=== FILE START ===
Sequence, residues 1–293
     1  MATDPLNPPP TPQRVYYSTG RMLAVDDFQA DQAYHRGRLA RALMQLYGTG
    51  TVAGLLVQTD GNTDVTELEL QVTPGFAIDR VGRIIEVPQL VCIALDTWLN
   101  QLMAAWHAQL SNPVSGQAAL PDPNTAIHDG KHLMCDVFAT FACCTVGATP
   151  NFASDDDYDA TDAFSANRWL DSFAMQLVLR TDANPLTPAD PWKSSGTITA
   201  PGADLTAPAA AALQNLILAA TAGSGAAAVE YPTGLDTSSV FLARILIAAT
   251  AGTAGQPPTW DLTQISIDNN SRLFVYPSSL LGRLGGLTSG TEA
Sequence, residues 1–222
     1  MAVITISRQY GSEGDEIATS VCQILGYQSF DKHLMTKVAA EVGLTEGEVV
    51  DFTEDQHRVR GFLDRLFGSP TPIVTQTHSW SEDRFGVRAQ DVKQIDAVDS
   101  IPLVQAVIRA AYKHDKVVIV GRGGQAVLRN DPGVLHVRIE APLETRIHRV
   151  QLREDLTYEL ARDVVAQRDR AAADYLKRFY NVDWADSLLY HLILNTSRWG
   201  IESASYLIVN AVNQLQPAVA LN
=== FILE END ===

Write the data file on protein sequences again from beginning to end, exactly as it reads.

Sequence, residues 1–293
     1  MATDPLNPPP TPQRVYYSTG RMLAVDDFQA DQAYHRGRLA RALMQLYGTG
    51  TVAGLLVQTD GNTDVTELEL QVTPGFAIDR VGRIIEVPQL VCIALDTWLN
   101  QLMAAWHAQL SNPVSGQAAL PDPNTAIHDG KHLMCDVFAT FACCTVGATP
   151  NFASDDDYDA TDAFSANRWL DSFAMQLVLR TDANPLTPAD PWKSSGTITA
   201  PGADLTAPAA AALQNLILAA TAGSGAAAVE YPTGLDTSSV FLARILIAAT
   251  AGTAGQPPTW DLTQISIDNN SRLFVYPSSL LGRLGGLTSG TEA
Sequence, residues 1–222
     1  MAVITISRQY GSEGDEIATS VCQILGYQSF DKHLMTKVAA EVGLTEGEVV
    51  DFTEDQHRVR GFLDRLFGSP TPIVTQTHSW SEDRFGVRAQ DVKQIDAVDS
   101  IPLVQAVIRA AYKHDKVVIV GRGGQAVLRN DPGVLHVRIE APLETRIHRV
   151  QLREDLTYEL ARDVVAQRDR AAADYLKRFY NVDWADSLLY HLILNTSRWG
   201  IESASYLIVN AVNQLQPAVA LN